Marsha Keith Schuchard on Moravian-Swedenborgian infant education

The Fall issue of Studies in Romanticism includes a detailed and fascinating view of the influence of these views on Blake's Songs.

The Fall issue of Studies in Romanticism, available from today, includes a new article on Blake's most famous collection of poetry by independent scholar, Marsha Keith Schuchard. "Text Books for Innocence: Moravian-Swedenborgian Infant Education and William Blake's Songs of Innocence and Experience" explores the impact of Moravianism and Swedenborgianism on the Songs as explained in its abstract:

Documents discovered in Moravian Archives reveal that William Blake's mother and her first husband were members of a controversial, heterodox Moravian church in 1749–52. She and her second husband, James Blake, attended Moravian services before moving on to Swedenborgianism. The discovery provides a new historical context for William's Songs of Innocence and Experience (1789–94). Count Zinzendorf and Emanuel Swedenborg presented radically new ideas for the education of "infants" (ages one to seven). Though political repression frustrated their early agenda, it was later fulfilled by Swedenborgian educators.

Marsha Keith Schuchard received a Ph.D. from the University of Texas at Austin for her thesis, "Freemasonry Secret Societies and the Continuity of the Occult Traditions in British Literature." While working as a medical editor in the international field of drug abuse prevention, she visited libraries and archives in many countries, where she continued her independent investigations of what she characterizes as "suppressed history." She is especially interested in 18th- and 19th-century secret societies, Jacobitism, Jewish mysticism, Sabbatianism, Swedenborgianism, Moravianism, and other heterodox religions, focusing on their influence on politics, literature, and the arts. Besides over sixty scholarly articles, she has published four books: Restoring the Temple of Vision: Cabalistic Freemasonry and Stuart Culture (Brill, 2002); Why Mrs. Blake Cried: William Blake and the Sexual Basis of Spiritual Vision (Random House, 2006); Emanuel Swedenborg, Secret Agent on Earth and in Heaven: Jacobites, Jews, and Freemasons in Early Modern Sweden (Brill, 2012); and Masonic Rivalries and Literary Politics: From Jonathan Swift to Henry Fielding (2018).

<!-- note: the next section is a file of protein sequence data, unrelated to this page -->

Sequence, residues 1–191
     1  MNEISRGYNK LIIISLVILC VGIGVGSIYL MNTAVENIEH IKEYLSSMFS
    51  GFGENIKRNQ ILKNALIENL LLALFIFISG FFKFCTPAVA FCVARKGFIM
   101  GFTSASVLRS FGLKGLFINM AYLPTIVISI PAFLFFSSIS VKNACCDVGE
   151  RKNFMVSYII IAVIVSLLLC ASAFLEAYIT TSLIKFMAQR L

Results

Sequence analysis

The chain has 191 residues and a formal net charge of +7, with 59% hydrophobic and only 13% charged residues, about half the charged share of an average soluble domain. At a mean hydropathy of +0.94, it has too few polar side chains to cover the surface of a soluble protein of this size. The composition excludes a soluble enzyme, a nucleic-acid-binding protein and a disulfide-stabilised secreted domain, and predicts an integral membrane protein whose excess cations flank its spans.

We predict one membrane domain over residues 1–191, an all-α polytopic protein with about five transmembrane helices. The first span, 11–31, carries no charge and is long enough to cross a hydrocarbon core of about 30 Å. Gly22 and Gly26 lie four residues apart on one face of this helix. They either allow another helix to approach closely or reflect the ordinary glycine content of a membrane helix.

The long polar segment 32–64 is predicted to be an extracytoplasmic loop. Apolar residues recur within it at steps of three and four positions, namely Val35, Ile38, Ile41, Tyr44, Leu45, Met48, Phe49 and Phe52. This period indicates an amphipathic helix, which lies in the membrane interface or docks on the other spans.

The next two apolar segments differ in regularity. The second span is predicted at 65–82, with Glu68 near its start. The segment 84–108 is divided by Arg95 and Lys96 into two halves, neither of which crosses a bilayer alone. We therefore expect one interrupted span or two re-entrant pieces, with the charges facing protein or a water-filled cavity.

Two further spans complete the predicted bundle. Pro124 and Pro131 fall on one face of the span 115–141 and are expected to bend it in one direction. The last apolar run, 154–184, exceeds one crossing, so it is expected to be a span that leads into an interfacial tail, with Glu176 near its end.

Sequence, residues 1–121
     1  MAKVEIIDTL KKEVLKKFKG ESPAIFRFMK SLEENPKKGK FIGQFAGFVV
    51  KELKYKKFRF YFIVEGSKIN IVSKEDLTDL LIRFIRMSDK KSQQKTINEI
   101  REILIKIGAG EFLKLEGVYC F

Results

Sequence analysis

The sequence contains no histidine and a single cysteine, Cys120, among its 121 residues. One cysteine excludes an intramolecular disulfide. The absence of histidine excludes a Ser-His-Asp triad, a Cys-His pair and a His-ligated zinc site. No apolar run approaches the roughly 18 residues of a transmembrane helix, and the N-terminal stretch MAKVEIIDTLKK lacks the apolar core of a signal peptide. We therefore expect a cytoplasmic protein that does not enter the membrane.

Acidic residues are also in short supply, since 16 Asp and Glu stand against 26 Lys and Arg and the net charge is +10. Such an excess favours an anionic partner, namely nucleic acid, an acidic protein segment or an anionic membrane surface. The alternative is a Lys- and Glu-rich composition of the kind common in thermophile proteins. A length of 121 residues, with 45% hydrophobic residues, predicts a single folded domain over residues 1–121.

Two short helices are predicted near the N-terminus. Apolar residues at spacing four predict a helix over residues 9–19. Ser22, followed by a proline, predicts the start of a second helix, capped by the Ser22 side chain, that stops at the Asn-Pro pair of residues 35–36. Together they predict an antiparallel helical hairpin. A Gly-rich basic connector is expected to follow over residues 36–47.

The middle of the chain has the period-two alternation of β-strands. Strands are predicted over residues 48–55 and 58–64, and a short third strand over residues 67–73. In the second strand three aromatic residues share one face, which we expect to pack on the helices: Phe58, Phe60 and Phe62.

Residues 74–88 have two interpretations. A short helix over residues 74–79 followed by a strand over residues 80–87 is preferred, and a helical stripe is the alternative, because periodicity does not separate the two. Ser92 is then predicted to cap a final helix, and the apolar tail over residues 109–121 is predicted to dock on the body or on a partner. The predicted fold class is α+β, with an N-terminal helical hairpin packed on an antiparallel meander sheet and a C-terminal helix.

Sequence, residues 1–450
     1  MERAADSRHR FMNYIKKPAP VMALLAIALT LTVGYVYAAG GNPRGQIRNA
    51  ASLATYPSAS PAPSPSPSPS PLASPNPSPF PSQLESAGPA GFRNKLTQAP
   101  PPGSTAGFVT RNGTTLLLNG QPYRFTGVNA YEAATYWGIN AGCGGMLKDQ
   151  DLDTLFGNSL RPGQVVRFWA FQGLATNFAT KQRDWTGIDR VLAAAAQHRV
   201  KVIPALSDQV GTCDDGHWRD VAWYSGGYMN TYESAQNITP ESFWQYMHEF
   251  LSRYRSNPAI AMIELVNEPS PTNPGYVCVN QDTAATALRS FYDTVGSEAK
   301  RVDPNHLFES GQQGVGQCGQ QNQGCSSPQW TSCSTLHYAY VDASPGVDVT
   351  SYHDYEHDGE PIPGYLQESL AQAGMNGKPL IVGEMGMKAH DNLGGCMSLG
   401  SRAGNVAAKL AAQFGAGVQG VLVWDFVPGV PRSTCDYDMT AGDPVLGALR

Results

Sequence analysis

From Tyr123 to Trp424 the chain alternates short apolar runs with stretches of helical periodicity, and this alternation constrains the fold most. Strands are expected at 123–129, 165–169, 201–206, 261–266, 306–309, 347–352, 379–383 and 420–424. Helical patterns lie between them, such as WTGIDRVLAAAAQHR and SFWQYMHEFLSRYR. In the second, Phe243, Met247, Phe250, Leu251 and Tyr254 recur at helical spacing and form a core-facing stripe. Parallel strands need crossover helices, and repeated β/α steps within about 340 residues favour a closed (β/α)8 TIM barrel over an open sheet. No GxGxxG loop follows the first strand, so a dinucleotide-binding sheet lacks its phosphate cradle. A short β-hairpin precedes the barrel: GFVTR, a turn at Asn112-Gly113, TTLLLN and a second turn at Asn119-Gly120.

The Fall issue of Studies in Romanticism is available at and is open access for 30 days.